Ms. Machakos alleges that in early 1984 she continued to apply, pursuant to vacancy announcements, to the Department for seven positions. Her complaint alleges that in each instance her application was rejected in favor of younger, black candidates. Third Amended Complaint, para. 27. Evidence adduced at trial showed that some of these applications were for positions outside the CRD; Ms. Machakos did not qualify for some positions; and, in at least one instance, the first person selected from the "best qualified" list was a white female over age 40.

 Trial testimony indicated that Ms. Machakos and other applicants had written the wrong vacancy announcement designation on the application for one of these 1984 vacancies (advertised by an office outside the CRD). The mistake was an easy one to make, as the printed announcement made a capital "O" appear to be a capital "Q." Apparently, the selecting officials realized the error and considered some of the applicants for the vacancy, despite the improper vacancy designation. Ms. Machakos, however, who made the same mistake, was not considered for the position until after the position had closed.

 Two of Ms. Machakos' 1984 applications were for vacant Equal Opportunity Specialist, GS-9, positions in Section 5 of the Voting Section of the CRD. The successful candidates were Ann Johnson (black) and Sara Smith (black), both of whom had been detailed previously to the Section 5 Unit.

 Also in early 1984, the CRD caused a vacancy announcement to be posted for the position of Supervisory Records and Communications Management Specialist in the Administrative Management Section. The position was classified erroneously as a GS-12, but the announcement was withdrawn and posted again as a GS-11/12. Ms. Machakos was among the applicants for this vacancy but her name was not included in the list of candidates forwarded to the selecting officials, despite the fact that she was found eligible.

 The successful applicant for this position was Diane Roberts (black). Ms. Roberts, previously a GS-10 Staff Assistant in the General Litigation Section of the CRD, had been detailed to this position in the Administrative Management Section. The selecting official was Mr. Daniel Mann (white), then Chief of the Administrative Management Section.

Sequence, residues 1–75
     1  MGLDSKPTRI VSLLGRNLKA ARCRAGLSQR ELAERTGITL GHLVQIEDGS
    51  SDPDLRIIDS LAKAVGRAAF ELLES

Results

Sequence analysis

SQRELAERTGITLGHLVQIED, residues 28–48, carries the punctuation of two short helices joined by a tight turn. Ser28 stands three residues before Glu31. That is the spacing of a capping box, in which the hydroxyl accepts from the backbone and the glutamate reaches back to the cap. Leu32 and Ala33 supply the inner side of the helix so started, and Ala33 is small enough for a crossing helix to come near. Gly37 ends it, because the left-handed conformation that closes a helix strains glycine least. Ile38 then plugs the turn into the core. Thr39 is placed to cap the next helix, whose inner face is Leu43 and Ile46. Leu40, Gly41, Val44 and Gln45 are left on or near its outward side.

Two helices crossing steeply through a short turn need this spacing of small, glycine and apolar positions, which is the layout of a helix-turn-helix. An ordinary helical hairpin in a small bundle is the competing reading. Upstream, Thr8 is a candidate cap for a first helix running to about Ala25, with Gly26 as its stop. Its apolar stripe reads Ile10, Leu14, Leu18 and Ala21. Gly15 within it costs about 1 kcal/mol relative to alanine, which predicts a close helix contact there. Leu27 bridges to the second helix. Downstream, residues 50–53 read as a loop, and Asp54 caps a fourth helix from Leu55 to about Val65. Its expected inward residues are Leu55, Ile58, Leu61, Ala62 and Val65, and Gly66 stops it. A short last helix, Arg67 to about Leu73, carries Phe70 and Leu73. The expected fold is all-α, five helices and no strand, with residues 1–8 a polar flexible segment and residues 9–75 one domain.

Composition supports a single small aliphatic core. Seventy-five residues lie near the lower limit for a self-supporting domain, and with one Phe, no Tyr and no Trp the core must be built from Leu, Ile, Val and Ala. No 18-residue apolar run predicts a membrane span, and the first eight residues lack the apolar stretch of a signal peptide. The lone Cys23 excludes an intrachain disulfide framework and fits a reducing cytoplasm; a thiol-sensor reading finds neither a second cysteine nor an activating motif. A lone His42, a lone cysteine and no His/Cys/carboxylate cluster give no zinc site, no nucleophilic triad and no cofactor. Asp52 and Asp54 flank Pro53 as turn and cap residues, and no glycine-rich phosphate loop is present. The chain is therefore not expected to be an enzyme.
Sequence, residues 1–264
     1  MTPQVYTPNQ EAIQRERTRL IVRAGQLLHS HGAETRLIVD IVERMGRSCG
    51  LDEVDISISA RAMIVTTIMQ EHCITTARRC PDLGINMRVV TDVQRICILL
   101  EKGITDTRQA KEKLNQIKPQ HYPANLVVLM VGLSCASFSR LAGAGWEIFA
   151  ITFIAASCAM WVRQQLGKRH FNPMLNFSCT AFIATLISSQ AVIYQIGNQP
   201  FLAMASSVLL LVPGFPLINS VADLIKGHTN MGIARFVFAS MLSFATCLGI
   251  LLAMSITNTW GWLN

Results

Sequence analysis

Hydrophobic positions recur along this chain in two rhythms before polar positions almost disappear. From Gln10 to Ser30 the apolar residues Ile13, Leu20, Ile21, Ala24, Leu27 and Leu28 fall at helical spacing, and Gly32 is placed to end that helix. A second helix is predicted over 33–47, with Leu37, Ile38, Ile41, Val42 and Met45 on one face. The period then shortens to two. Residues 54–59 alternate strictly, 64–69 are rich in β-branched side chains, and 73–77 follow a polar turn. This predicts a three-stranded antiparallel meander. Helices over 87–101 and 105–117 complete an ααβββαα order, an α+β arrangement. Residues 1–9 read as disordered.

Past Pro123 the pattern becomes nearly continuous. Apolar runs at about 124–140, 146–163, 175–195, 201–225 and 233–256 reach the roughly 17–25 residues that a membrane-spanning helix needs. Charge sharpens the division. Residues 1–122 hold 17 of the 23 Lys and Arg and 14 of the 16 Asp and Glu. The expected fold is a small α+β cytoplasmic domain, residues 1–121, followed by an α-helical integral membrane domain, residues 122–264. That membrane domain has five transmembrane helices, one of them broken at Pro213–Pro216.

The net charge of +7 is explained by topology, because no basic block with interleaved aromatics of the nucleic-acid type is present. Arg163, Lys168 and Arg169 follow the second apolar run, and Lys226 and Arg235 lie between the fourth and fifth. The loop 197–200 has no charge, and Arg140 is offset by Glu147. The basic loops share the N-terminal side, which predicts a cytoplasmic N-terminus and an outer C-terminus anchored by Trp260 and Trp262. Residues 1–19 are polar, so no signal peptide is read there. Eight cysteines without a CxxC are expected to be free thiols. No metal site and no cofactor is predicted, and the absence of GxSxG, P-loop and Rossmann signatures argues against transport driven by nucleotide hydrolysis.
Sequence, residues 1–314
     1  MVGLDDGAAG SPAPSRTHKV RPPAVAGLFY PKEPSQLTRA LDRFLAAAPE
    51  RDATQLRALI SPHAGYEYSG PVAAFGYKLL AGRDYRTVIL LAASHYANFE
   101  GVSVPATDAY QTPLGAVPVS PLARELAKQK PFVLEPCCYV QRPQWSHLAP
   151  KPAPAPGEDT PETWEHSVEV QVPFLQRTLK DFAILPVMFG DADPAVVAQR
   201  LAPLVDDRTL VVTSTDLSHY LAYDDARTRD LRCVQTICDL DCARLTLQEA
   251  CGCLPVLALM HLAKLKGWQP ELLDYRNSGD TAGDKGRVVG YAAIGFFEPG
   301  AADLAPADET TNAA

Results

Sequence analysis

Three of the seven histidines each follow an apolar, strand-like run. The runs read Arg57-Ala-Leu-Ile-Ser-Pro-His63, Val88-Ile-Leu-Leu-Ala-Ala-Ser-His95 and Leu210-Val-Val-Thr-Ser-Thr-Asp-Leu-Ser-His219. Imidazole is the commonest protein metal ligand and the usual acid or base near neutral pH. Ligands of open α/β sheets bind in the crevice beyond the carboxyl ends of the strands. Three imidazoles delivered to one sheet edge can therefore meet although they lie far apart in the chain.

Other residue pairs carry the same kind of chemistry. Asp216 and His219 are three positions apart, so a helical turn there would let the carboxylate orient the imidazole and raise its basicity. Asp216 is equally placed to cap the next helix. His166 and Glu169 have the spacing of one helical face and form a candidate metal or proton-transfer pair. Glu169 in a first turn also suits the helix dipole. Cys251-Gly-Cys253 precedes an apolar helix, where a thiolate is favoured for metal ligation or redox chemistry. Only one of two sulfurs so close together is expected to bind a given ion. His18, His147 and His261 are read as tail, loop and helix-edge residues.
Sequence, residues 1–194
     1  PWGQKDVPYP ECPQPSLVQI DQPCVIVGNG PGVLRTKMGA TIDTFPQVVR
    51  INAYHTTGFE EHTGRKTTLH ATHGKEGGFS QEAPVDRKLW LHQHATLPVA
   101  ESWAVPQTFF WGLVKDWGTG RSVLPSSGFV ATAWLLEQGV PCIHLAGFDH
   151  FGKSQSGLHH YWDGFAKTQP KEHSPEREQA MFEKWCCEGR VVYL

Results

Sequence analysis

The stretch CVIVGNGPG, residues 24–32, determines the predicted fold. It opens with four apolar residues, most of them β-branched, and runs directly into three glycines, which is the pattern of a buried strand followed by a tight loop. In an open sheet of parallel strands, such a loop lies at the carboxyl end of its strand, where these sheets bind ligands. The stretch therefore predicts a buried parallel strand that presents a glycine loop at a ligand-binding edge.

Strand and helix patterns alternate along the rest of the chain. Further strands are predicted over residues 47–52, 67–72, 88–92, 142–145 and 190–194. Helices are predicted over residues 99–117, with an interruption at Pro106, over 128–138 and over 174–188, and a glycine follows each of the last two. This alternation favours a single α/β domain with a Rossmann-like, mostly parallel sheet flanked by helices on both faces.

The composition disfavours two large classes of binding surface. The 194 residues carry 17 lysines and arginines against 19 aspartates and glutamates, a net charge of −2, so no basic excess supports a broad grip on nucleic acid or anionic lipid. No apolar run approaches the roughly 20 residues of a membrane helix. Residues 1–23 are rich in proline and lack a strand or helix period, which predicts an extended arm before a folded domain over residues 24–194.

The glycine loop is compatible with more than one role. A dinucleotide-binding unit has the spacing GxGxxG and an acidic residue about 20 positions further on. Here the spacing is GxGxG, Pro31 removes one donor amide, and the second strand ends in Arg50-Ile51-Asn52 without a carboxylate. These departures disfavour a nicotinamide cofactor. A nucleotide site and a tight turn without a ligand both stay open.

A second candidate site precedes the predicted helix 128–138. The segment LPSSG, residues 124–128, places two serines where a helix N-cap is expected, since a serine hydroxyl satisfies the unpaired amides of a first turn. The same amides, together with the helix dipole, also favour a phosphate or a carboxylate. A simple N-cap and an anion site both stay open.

Defendants state that Ms. Machakos would have made the list of qualified candidates forwarded to the selecting official if she had submitted a copy of her current performance evaluation in a timely manner, along with her SF-171, as required. Ms. Machakos was tardy in submitting her appraisal due to the fact that she had appealed her rating. Ms. Machakos won the appeal, and the appraisal was changed. Further, the Court notes with interest the Department's rigid adherence to vacancy deadlines and application requirements in this instance, while willing to be more accommodating in other cases to black applicants. See, e.g., supra at 15.

 Ms. Machakos was not permitted to work overtime on a 1985 project to clean up the file room, which is one part of the Correspondence Unit in which Ms. Machakos works. Ms. Diane Roberts (black), head of the Correspondence Unit, delegated responsibility for the file room project, including approval of those who could work overtime, to Violet Randolph (black). Ms. Randolph denied Ms. Machakos' request to work overtime. Ms. Roberts testified that Ms. Randolph's reason for the refusal was Ms. Machakos' lack of expertise, though it is apparent to the Court that she did, indeed, have the experience necessary to work on the project. The four employees who did work on the project were all black. The outside Paralegal Specialist (black) used for the project was borrowed from the Voting Section allegedly because certain files required someone with expertise on the subject matter.

 B. The Expert Testimony